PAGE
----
the labor market will erode most academic freedom; academics will take care of the rest

Unless we demand otherwise, that is.

I’ve said this before, but it bears repeating: a significant majority of the advice that floats around out there for people on the academic job market — the people who will, someday, make up the professorial class, though more will fail to ever ascend to that rank than will succeed — amounts to “watch what you say.” It’s expressed in countless different terms, but so much of it boils down to telling young academics that they can’t take public stances on issues of controversy, whether political or academic. After all, it only takes one person on a job search committee who didn’t like that essay you wrote….

Part of the reason why I’ve grown so dissatisfied with complaints about “political correctness” on campus, despite being associated with those complaints myself, is that they fail to recognize the self-fulfilling prophecy aspect of all of this. The notion that young academics must watch what they say, for fear of offending students, becomes the tool that accomplishes the effective silencing of young academics itself. I’ve very rarely been told “it was wrong that you wrote that, that argument is unacceptable” by faculty. I have constantly been told “you shouldn’t have written that, because someone out there will find it unacceptable.” I know they mean well. And they may very well be right. But such warnings inevitably become the means through which the conversation is narrowed. Yes, I still maintain worries about the way in which some student activists have attempted to police on-campus expression. But the actual power they have over my own expression has been limited. The power of faculty, who sit on academic job search committees, who work as editors, or who are otherwise in positions of power within academia, is direct and enormous. And while I am confident that the large majority of them believe in and would fight for the concept of intellectual freedom when those conflicts are stark, I also think that as a class many of them are subject to the notion of “baggage,” the vague sense that someone with a public political profile isn’t worth working with when there are so many academics desperate for recognition.

To the degree that I think students do regulate speech on campus, I think it’s through the preemptive fear of adjuncts and grad students. That’s why, when people complain that real examples of student policing of speech are rare, they’re right but somewhat missing the point. What I worry about is the adjuncts and grad students who avoid the potential controversies in the first place.

I wrote a piece in Politico, on polygamy. I thought it was a strong argument on an issue of relevance and importance to our current political situation. I thought my argument was forceful without being at all disrespectful or aggressive. And while I understand that polygamy remains an unusual idea for many, I don’t at all see the notion of legal group marriage as outside of the boundaries of acceptable political opinion for a university employee. I wasn’t, after all, arguing for the inherent inferiority of certain races or denying the Holocaust. The story did remarkably well, in terms of traffic. I believe it got half a million views in something like a day or two. Now I don’t expect to ever get any credit as an academic for that visibility; I long ago gave up on the hope that the average academic would see engaging in that way as worthy of reward. But I maintain a naive belief that this kind of work could at least not actively hurt me. Yet I have heard from several people, always second hand, that some faculty members feel I shouldn’t have published such a thing if I ever want an academic job. Always with that second order remove: why, it’s not that would forbid you engaging in this way before you’re hired, of course, but some people wouldn’t like it, so….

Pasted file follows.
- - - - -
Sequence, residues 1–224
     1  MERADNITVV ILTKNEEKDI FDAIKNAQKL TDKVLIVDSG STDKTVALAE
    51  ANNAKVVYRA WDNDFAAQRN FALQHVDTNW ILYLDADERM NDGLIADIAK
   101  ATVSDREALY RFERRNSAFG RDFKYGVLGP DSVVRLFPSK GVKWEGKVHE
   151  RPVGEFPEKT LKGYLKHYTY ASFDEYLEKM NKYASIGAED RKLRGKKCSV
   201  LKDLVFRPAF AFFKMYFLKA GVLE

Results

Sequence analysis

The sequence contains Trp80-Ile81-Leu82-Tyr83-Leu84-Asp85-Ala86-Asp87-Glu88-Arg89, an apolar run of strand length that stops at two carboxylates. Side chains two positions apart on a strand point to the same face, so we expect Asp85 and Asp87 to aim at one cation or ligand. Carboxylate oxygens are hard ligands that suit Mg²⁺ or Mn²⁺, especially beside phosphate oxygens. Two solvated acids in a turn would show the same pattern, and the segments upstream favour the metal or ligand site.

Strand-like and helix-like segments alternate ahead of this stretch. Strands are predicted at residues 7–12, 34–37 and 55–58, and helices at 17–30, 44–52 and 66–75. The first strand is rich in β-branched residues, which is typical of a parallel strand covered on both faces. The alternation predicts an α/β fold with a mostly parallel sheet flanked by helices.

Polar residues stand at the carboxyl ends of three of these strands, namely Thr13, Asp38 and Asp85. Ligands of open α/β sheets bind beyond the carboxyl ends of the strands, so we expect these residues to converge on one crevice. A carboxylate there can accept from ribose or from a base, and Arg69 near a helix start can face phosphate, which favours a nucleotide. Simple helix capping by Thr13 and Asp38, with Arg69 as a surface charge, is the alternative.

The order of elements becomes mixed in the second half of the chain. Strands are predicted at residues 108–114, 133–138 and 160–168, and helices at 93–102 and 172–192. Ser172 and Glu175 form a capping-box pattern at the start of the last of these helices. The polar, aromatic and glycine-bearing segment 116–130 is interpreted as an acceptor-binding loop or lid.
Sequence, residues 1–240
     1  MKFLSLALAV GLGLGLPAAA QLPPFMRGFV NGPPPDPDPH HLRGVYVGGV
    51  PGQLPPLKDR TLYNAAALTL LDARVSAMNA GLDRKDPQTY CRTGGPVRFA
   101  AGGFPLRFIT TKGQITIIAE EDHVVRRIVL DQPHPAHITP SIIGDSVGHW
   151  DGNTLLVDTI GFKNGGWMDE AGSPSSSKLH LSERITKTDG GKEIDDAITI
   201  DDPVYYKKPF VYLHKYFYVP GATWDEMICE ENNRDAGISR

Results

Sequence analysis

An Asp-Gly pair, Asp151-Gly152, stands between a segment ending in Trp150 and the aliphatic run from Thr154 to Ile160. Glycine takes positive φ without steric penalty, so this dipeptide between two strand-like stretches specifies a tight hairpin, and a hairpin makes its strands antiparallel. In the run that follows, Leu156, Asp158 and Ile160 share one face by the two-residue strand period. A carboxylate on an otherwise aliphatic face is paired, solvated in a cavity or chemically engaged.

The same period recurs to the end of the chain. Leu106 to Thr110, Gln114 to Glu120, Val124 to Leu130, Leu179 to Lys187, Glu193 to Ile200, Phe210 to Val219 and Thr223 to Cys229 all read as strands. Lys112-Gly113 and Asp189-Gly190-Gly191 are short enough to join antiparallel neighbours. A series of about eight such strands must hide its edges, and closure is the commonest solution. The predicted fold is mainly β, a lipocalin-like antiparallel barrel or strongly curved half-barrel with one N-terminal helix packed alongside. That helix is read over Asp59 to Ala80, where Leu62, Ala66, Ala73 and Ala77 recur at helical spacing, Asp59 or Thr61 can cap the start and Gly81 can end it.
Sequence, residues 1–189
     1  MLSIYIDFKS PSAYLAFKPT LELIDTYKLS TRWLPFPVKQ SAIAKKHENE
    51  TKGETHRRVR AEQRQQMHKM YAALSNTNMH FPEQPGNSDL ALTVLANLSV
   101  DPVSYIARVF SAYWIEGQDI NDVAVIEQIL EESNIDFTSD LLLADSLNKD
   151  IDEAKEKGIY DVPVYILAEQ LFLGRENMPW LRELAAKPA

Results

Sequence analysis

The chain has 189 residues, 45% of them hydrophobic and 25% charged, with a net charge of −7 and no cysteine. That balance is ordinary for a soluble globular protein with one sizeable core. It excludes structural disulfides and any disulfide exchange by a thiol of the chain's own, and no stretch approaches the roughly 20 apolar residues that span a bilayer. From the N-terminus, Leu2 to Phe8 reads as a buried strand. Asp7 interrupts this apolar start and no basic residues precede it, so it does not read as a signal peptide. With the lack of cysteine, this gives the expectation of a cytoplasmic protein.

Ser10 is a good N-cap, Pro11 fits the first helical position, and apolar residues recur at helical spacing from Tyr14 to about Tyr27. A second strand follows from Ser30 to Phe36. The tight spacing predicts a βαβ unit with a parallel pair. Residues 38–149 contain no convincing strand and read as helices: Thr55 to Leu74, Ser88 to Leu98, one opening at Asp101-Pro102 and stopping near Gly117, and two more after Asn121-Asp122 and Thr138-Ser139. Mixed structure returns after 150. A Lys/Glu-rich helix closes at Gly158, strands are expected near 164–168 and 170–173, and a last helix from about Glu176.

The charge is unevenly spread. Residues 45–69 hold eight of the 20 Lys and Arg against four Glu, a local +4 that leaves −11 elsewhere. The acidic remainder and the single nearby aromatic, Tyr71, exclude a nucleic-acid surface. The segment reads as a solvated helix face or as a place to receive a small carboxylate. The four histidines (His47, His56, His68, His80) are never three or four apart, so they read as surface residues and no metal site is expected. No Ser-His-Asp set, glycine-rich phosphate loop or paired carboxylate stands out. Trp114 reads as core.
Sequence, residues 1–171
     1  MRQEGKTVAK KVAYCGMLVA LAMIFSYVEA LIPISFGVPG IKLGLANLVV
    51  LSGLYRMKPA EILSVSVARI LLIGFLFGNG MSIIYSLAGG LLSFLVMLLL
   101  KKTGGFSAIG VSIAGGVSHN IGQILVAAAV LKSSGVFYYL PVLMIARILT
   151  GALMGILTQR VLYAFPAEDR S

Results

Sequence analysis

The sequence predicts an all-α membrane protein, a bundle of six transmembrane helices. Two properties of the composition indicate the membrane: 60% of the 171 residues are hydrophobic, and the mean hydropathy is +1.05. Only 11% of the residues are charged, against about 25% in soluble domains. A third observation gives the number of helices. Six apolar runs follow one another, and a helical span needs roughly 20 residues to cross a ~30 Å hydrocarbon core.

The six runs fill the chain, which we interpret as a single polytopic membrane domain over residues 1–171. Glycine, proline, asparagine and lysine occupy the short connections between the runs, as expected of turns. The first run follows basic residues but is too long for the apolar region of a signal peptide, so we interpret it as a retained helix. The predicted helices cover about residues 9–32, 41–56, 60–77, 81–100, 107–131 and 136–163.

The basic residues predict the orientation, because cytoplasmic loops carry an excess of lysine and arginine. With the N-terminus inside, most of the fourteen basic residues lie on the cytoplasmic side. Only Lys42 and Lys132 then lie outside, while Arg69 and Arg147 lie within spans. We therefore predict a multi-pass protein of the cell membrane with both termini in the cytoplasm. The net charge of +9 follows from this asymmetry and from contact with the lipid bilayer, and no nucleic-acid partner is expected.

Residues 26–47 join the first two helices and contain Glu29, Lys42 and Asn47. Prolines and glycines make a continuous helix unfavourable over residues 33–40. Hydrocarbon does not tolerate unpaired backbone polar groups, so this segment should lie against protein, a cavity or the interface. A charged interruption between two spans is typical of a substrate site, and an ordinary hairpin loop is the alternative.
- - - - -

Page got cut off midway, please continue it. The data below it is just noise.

Like interdisciplinarity, the concept of the public intellectual is beloved in the academy only in theory, not in practice. In theory, interdisciplinarity is seen as the future, as we more and more recognize the artificiality of disciplinary and department lines. In theory, interdisciplinary academics can apply to jobs in a variety of departments. Too often, though, they are people who are looked on as outsiders by everyone. When applying for a job in a department other than the one they got their degree in, their application may very well be shunted immediately into the deny pile for failing to meet minimum qualifications; when applying to a job in their home departments, search committee members may well say “is s/he really one of us?” The pubic intellectual thing seems similar to me, at this point. Everyone likes the idea of public engagement, and most recognize the need to demonstrate to wider audiences the value of our work. But it remains completely unclear to me how young academics are supposed to engage without risking the kind of controversy that, job market advice constantly insists, can torpedo a career before it starts. The best I can come up with is to maintain an active but banal Twitter feed.

Ultimately the story is the same: if you actually care about free expression on campus, you can do far more good by supporting the labor conditions of academic workers than by yelling at undergraduates. Restoring declining tenure track lines will do more to protect free expression on campus than anything else. Supporting adjunct unions will too. Unfortunately, for too many who complain about the real dangers to free expression on campus, support for faculty, union rights, and worker power writ large are ideologically untenable. Which is why we need a left-wing response to illiberal attitudes on campus, to ensure that these issues are confronted in a way that maintains the actual spirit of academic freedom, rather than merely using that spirit as a cudgel with which to beat passionate student activists.